240 pages, 8.5 × 5.75 × 1 in
October 14, 2014
The following ISBNs are associated with this title:
ISBN - 10: 1591844762
ISBN - 13: 9781591844761
About the Book
An award-winning author explores how the world works in our age of "continuous now." According to Rushkoff, "presentism" is the new ethos of a society that's always on, in real time, updating live. He shows how this trend is both disorienting and exhilarating.
Read from the Book
PREFACEHe is one of the most prescient hedge fund managers on Wall Street, but his trades always seem to happen after the fact. That’s because as soon as he executes an order, it is observed and preempted by traders at bigger firms with faster computers. The spread changes, and his buy order goes through just a few fractions of a penny higher than it should have. He is trading in the past, longing for the software and geeks he needs to get into his competitors’ present. And his clients can no longer conceive of investing in a company’s future, anyway; they want to win on the trade itself, as it actually happens.She’s at a bar on Manhattan’s Upper East Side, but she seems oblivious to the boys and the music. Instead of engaging with those around her, she’s scrolling through text messages on her phone, from friends at other parties across town. She needs to know if the event she’s at is the event to be at, or whether something better is happening at that very moment, somewhere else. Sure enough, a blip on the tiny screen catches her interest, and in seconds her posse is in a cab headed for the East Village. She arrives at a seemingly identical party and decides it’s “the place to be,” yet instead of enjoying it, she turns her phone around, activates the camera, and proceeds to take pictures of herself and her friends for the next hour—instantly uploading them for the world to see her in the moment.He sees the signs all around him: the latest “natural” disaster on the evening n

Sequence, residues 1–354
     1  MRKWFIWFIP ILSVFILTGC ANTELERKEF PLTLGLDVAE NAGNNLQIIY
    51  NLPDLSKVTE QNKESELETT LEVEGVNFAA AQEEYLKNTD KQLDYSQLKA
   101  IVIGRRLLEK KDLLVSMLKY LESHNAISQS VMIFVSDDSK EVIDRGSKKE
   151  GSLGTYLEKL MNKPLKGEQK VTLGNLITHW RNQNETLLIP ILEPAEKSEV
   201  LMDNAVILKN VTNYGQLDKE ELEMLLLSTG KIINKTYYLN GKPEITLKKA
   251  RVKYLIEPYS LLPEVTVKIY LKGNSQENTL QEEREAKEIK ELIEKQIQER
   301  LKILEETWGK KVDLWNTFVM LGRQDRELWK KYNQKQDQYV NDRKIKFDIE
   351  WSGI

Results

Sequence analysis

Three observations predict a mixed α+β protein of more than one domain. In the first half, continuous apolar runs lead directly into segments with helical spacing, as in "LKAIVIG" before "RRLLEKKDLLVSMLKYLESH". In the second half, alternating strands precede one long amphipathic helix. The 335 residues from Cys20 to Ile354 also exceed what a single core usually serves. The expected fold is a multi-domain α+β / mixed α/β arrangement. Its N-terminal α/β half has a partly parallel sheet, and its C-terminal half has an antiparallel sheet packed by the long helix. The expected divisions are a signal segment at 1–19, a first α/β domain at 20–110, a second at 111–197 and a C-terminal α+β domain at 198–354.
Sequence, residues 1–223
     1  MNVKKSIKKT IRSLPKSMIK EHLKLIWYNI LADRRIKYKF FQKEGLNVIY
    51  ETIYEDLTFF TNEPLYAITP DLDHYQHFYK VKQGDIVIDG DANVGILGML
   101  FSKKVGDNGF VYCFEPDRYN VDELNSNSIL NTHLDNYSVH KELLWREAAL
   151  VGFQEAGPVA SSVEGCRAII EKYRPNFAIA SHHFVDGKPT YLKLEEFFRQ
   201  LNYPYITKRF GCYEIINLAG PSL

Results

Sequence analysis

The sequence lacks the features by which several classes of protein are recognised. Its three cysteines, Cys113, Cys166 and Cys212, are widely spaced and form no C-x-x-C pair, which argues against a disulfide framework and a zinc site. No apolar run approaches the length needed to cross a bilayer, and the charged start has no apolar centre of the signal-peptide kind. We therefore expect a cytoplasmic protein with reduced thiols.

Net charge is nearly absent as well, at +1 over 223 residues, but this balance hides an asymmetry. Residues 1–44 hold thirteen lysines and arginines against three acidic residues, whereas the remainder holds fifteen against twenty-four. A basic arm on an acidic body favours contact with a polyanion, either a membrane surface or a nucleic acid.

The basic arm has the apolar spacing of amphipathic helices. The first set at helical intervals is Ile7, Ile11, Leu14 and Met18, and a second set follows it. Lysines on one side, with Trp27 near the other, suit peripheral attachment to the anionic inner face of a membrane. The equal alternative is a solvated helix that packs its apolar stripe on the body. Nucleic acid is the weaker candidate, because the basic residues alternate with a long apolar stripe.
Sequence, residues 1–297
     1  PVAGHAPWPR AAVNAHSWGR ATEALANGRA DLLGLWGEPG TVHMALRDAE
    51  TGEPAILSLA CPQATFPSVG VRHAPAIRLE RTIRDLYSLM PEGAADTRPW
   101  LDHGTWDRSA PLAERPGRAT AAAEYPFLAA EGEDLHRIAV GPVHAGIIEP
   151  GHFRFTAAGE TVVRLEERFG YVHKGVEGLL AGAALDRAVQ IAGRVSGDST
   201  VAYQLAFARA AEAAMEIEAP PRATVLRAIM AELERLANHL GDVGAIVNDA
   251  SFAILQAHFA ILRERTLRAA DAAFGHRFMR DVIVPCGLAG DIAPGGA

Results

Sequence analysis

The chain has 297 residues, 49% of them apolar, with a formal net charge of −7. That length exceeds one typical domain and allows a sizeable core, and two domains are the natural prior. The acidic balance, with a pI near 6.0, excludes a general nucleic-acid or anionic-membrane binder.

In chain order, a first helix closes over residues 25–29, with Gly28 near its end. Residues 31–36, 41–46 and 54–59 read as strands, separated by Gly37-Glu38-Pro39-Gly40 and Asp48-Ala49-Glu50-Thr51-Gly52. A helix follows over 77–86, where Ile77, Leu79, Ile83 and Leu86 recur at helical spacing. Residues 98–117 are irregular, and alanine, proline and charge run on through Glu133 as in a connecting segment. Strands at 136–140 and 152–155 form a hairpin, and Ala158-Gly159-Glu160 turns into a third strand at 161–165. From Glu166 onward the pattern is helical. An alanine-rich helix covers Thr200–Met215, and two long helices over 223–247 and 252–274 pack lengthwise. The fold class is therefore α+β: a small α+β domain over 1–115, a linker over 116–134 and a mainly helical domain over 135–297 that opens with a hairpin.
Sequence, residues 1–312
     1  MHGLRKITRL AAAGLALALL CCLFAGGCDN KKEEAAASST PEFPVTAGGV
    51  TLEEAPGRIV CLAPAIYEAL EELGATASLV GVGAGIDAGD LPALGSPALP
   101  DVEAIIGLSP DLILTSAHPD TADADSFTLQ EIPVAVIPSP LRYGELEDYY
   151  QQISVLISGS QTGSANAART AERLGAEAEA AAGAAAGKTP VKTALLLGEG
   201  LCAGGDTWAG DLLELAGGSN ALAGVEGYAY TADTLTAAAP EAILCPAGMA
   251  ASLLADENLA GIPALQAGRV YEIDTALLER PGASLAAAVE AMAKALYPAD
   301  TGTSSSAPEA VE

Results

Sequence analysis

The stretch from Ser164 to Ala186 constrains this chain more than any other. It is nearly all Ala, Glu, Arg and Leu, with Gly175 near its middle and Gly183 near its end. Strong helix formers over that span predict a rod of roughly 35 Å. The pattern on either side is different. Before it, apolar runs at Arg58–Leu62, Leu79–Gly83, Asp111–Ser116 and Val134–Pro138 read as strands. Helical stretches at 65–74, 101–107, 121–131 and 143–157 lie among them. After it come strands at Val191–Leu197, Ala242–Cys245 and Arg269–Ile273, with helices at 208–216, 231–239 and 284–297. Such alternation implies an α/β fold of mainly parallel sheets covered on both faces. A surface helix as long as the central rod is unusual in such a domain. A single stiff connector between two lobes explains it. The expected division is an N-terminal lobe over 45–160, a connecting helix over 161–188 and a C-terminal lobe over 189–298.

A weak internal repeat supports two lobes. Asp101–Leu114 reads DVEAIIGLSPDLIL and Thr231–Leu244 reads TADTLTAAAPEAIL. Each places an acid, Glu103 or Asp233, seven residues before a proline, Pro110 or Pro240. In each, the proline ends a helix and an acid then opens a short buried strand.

From the Publisher
“If the end of the twentieth century can be characterized by futurism, the twenty-first can be defined by presentism.”
This is the moment we’ve been waiting for, explains award-winning media theorist Douglas Rushkoff, but we don’t seem to have any time in which to live it. Instead we remain poised and frozen, overwhelmed by an always-on, live-streamed reality that our human bodies and minds can never truly inhabit. And our failure to do so has had wide-ranging effects on every aspect of our lives.
People spent the twentieth century obsessed with the future. We created technologies that would help connect us faster, gather news, map the planet, compile knowledge, and connect with anyone, at anytime. We strove for an instantaneous network where time and space could be compressed.
Well, the future’s arrived. We live in a continuous now enabled by Twitter, email, and a so-called real-time technological shift. Yet this “now” is an elusive goal that we can never quite reach. And the dissonance between our digital selves and our analog bodies has thrown us into a new state of anxiety: present shock.